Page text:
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Fear and Loathing on Broadway

November 01, 1987|LAWRENCE CHRISTON

NEW YORK — Mort Sahl gazed out of his Ritz-Carlton Hotel room. Unlike Paris, New York could never claim itself a beneficiary of magnanimous light. And despite the almost mystical tufts of green that gently carried the eye north over the tree-lined expanse of Central Park, a flat autumnal bleakness washed into the room, highlighting the shadows of tension in his face.

"I'm so disjointed, I don't know what I'm doing," he said. He picked up a wad of telephone messages and let them drop on his desk. He shuffled aimlessly through a press packet that listed his interview schedule.

The countdown to his solo Broadway debut was, if you consider its beginning more than 30 years ago, deep into its 11th hour. Nine days away, to be exact. But nothing seemed further from his mind. He was feeling no premonition of the critical triumph that was actually to come, not even a frisson of what it means to be, for as long as one is alone on a Broadway stage, one of the heavyweight kings of American culture. His reviews would be glowing (though attendance for the show, which ends today, would be described as "moderate"). He would be in demand by every talk and interview show in the city. He would take daily calls from his agents hot for a London run, a TV special, a new book.

But all of that seemed inconceivable on this September day. Midway through a media schedule that called for more than 20 interviews in two weeks, he was peevish and drained. New York's relentless assault on the nerves was more than enough to put anyone on edge ("This city is knee-deep in psychosis," observed his friend, NBC correspondent John Hart).

Sahl possesses one of our most brilliant comedic minds and virtually single-handedly defined political satire for a generation of Americans. But the country, and its notions of celebrity, had changed around him. The true iconoclast never makes a media pet. Sahl's complications, his turmoil, his anger and his obsessions (particularly with the conspiracy theory surrounding John Kennedy's assassination) were for real. Under the veneer of the anarchic joker beat the heart of a moralist. Over the years, that had been hard for a lot of people to take. He saw a lot of cold shoulders turned his way.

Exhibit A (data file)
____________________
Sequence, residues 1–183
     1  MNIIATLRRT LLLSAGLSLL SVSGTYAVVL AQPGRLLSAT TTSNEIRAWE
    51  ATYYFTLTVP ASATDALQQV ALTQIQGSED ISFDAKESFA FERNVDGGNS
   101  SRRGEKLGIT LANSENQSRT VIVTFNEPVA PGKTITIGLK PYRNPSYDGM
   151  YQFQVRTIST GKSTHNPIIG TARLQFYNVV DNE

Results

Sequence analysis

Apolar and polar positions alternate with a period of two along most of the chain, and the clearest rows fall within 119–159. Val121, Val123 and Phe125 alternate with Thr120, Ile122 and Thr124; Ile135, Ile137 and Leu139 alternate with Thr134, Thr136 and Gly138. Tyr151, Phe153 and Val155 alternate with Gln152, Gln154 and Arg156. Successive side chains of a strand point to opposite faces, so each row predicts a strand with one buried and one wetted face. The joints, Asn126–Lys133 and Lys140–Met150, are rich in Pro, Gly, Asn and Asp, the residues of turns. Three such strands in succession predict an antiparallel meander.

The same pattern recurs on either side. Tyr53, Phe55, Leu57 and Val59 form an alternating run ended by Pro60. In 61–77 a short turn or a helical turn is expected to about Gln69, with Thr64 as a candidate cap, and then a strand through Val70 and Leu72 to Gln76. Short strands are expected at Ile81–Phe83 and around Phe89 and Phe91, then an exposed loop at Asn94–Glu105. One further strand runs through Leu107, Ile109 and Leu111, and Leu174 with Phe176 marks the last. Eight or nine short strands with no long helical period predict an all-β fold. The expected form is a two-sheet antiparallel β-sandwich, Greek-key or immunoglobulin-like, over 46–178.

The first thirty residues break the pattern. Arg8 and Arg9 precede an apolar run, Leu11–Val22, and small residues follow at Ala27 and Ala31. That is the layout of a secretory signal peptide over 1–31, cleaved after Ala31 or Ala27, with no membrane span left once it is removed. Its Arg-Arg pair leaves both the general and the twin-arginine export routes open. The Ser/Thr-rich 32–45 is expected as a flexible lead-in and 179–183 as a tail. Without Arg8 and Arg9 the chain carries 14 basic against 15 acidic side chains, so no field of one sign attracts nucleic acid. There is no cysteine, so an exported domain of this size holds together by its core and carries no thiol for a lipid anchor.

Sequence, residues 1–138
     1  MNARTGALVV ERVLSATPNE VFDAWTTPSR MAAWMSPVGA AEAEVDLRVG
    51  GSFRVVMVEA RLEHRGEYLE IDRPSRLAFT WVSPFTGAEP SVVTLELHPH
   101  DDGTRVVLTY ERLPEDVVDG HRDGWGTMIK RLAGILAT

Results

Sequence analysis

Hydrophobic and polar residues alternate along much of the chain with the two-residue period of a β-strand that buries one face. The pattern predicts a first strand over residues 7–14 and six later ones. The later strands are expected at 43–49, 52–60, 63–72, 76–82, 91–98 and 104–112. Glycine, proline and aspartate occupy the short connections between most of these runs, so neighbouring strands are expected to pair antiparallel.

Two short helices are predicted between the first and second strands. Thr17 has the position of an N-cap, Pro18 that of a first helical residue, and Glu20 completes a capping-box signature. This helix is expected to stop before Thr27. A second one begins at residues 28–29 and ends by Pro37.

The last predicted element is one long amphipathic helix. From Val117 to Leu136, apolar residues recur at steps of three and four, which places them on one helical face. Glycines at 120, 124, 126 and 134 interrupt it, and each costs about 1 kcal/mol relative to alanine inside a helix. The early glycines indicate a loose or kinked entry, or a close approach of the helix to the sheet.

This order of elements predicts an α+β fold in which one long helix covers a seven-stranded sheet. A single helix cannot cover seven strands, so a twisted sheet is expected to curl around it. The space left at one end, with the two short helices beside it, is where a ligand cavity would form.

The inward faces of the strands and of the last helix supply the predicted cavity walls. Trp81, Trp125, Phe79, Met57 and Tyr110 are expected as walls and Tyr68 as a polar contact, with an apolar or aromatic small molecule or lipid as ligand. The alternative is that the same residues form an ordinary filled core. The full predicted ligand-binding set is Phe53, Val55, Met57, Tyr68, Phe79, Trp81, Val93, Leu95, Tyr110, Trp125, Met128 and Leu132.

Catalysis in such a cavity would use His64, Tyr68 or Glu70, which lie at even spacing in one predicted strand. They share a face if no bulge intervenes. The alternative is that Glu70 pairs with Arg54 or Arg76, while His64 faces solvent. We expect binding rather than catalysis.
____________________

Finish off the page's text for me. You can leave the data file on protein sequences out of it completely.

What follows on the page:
Now, at 60, he was feeling himself a stranger in a strange land. He couldn't relate to the stream of young reporters who filed into the Jockey Club downstairs with questions culled from 25-year-old clips. In many of their faces he saw himself mirrored as some kind of Abominable Snowman of American Comedy shaking off a quarter century of hoarfrost as he shuffled toward Broadway's lights.

He felt that the Nederlander organization, which was producing the show, had gotten him a little on the cheap--he claims that at first he was offered no per diem for his pre-opening stay, and no hotel accommodation. He didn't know where he'd be living. He grieved over the publicity strategy. He didn't like the plan for the set design. His agent's brother had shot the TV ad for the show, and Sahl and the Nederlanders agreed that the job had been botched. "I look like an astronaut in space floating in front of the black hole," he said.

He couldn't figure why the critics were being allowed to show up at his previews while he was still honing his material. Already the opening night party was shaping up to be considerably less than the gala he had hoped for. Invitations hadn't even been mailed yet, the site hadn't been determined, and already some guests--such as the Reagans--had to be ruled out. Sahl could feel that showdown with the producers was inevitable.

Chalk some of this high anxiety up to pre-opening jitters. This wasn't just another opening, another show. This was Broadway, and this was vindication. Deep inside him there was a small lump of indigestible misgiving that sent up a tiny acid message: He was an American institution, one of the great comedians. And he was getting no respect.

The Fouled-Up Tale of the Tape

Most comedians usually hang out around other comedians. Sahl prefers the company of journalists; they offer more of a plug into the topical energies that charge his act. He was getting little feedback this time out, however. This generation of New Journalists was turning out to be less than a notable bunch.

There was, for example, the interview he'd just concluded with a stringer for the Philadelphia Inquirer, a benign young man who had conducted an earlier interview that lasted nearly five hours--all of which was lost when the tape recorder turned up faulty. He came back with an apology and a new microcassette recorder, and they tried again in the back room of the Jockey Club.

Sahl was resentful that the reporter was fixed on discussing his career during the '60s ("That was 20 years ago. You're asking me to be both detective and corpse").

"If you're any good you should always try to make your art a growth situation," he told the reporter. "Playing it safe is never playing it safe."

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